• Annual Youth Conference (#300 youth)

    #300youth presents its st Annual Youth Conference Themed "GROW UP" Apr 22 at 5:00 pm to Apr 26 at 6:00 pm. [Wednesday 5:30pm, Thursday- Saturday 9:00am to 6:30pm, Sunday 1:30pm to 5:30pm] Register: info@allsaintsnairobi.org. 2015-04-22 to 2015-04-26 at Trinity Center Auditorium

  • Infant baptism classes

    >>will begin on 25th April 2015 at the Chapter House at 10:00 am. Please register at the Information Tent. 2015-04-25 to 2015-05-10 at Chapter house

  • Choral Communion Service

    There will be a choral service by the covenant choir on the 9:30 am service. 2015-04-26 to 2015-04-26 at Main Sanctuary

Welcome

Welcome to the website of All Saints’ Cathedral church Nairobi Kenya, we are the National Cathedral of All Saints’ under the Anglican Church of Kenya. We have designed this site as a resource for those who would like to learn more about our church, our services and activities at the Cathedral. The Office of the Provost works to strengthen this church, by mobilizing every confessing believer to engage in some ministry within the broad range of ministries available in the church.

Every believer will be brought to the point of appreciating that the living out of the Christian faith demands the exercise of one’s gifting in the body of Christ. Our role as a church to be a Cathedral of Spiritual nourishment and fellowship for ministry to the world and support the society.Thank you for your interest in our church. Please contact us if we can assist you in learning more about the Church, the services or you want to join us and be our member or friend.

2015 Theme:

Growing to Maturity

Eph 4:11-17

Growing to Maturity: Victorious Living

This is our faith: We Believe in God

“Until we all reach unity in the faith and in the knowledge of the Son of God and become mature, attaining to the whole measure of the fullness of Christ.” (Ephesians 4:13)

The start of any year brings along with it a breath of newness and a sparkle like no other. Everyone privileged to experience a new start is hopeful and expects the best in future days. This usually happens at the backdrop of the past experiences both pleasant and unpleasant that have formed and shaped one’s perspective on life in the previous year. Our experiences, as believers in the year 2014 have produced our prayers, resolutions and expectations in the year 2015. Those that seek to forget their past, are in danger of repeating it.

The myopic belief in false prophets, the deliberate engagement with cults and occults, the blatant embrace of heretical and misleading doctrines and the lethargic engagement in matters faith has led astray many believers and unbelievers alike. Such have also resulted to spiritual apathy in churches, disarray in the body of Christ, disregard of Scripture as the true word of God, weak and selfish governance and mix of Christianity with other faiths (syncretism). It is for these reasons that the theme of the year 2015 “Grow to Maturity” comes in handy. After the disciples “launched into the deep”, they did not wallow in the glory of the miracle, but followed Jesus to be like him.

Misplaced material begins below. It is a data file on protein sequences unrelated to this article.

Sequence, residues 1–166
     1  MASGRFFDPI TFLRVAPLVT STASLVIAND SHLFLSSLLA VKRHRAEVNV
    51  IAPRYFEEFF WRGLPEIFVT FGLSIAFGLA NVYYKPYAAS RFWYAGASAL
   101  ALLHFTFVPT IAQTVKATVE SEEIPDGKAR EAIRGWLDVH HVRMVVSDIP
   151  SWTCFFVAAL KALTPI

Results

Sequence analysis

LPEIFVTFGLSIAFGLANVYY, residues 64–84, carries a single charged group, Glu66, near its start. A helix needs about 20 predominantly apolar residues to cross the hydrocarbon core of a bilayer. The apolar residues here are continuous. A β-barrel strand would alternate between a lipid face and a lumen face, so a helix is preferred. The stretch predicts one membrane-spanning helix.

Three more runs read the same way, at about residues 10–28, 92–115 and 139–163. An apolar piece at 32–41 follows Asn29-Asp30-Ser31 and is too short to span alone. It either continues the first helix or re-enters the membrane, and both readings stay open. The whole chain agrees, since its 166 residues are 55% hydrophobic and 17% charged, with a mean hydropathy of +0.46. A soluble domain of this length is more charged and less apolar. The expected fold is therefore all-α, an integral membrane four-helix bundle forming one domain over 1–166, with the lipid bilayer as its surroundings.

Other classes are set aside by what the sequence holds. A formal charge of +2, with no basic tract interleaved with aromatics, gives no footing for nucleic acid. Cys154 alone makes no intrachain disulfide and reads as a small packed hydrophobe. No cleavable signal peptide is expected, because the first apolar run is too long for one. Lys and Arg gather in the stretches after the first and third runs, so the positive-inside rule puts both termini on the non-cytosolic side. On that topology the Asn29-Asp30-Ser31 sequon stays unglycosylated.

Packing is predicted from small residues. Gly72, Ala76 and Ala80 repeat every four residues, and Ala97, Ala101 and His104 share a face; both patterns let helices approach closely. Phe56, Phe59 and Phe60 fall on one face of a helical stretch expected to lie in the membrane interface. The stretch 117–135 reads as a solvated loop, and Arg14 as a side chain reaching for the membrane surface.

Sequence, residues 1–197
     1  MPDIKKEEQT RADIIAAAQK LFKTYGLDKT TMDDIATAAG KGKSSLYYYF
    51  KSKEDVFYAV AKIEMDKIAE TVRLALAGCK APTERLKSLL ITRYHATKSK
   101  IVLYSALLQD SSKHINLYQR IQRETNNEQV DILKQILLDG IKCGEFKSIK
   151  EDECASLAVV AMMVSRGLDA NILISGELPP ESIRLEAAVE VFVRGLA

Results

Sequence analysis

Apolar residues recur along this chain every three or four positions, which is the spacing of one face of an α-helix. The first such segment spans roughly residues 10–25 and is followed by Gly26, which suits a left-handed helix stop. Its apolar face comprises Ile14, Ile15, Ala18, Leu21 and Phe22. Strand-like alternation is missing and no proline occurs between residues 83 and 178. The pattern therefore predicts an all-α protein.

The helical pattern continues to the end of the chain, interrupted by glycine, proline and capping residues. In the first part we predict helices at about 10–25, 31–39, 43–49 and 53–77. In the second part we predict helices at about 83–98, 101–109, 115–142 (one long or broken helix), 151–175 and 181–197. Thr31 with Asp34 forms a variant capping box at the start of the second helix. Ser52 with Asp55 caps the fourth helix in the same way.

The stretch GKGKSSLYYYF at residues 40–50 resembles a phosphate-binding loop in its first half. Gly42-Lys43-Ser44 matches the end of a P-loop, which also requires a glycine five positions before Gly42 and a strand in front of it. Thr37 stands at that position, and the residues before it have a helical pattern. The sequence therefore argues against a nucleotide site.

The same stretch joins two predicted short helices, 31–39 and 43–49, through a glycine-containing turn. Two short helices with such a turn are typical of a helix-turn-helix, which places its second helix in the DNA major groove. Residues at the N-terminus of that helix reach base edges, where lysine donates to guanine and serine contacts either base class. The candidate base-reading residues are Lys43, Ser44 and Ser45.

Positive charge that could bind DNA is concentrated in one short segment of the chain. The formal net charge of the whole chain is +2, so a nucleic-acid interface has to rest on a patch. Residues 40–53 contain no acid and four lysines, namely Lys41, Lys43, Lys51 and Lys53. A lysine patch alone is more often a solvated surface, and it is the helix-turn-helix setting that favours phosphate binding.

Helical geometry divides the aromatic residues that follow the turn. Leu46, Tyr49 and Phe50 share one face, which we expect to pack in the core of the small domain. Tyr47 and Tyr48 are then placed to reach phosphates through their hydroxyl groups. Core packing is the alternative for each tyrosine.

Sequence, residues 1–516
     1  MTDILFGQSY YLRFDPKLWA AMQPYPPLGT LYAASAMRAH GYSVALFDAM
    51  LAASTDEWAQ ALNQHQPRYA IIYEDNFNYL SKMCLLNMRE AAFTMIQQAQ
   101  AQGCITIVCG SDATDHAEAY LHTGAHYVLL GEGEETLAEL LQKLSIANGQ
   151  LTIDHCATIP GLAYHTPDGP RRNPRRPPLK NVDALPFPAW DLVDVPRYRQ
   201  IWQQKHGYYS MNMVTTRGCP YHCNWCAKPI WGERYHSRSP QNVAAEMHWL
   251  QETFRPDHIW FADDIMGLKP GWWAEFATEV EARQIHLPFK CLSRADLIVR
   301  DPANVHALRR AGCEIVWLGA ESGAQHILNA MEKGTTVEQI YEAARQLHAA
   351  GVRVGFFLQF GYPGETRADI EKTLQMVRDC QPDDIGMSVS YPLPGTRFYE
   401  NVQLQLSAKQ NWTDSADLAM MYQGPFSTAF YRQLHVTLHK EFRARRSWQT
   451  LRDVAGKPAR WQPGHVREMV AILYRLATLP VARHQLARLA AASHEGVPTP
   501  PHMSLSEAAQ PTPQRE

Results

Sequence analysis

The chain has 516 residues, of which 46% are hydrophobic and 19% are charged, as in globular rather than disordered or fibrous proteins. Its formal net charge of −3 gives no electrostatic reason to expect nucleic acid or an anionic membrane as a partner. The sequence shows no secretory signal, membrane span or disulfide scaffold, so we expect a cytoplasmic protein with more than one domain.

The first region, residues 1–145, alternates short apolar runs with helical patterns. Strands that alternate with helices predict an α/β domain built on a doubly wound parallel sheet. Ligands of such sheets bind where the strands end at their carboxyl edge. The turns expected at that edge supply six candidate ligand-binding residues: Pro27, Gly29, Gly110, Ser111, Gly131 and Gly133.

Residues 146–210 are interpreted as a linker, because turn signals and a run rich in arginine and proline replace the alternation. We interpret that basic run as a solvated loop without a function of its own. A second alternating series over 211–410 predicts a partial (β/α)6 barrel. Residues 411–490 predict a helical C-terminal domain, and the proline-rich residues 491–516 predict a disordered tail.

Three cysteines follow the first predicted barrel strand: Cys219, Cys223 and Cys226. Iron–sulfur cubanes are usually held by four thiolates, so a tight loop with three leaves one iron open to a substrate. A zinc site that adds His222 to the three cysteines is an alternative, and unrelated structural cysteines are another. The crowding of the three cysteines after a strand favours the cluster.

Maturity is a high state of being that is desirably sought after. In all spheres of life be it economic, intellectual, emotional and spiritual, there is a yearning for maturity. Just like it is natural to expect a baby to grow to maturity, it’s also natural for believers to mature in faith.  As believers we are driven and sustained by striving to archive spiritual maturity. The Apostle Paul clearly reflects on maturity by stating that he has not yet attained spiritual maturity but he make every effort to attain the goal and prize set before him for which God has called him upward in Christ Jesus (Phil. 3:13-14). In addition he affirms to believers to yearn to ‘grow up’ and be built up in their faith in Christ and avoid any distortion and alteration of their faith (Eph. 4:11-17).

Therefore spiritual maturity is defined as the state of being fully aware and founded in the knowledge of one is in God through faith in Christ Jesus. It is simply the realization, understanding and appreciation of a believer’s position in Christ and how to lead one’s life on the basis of such knowledge. Christian maturity has nothing to do with ones chronological age; it has little to do with how old a person is. It has to do with reflecting the character of Jesus Christ. How much of the character of Jesus Christ do you reflect in your life? What growth have you seen in your life recently?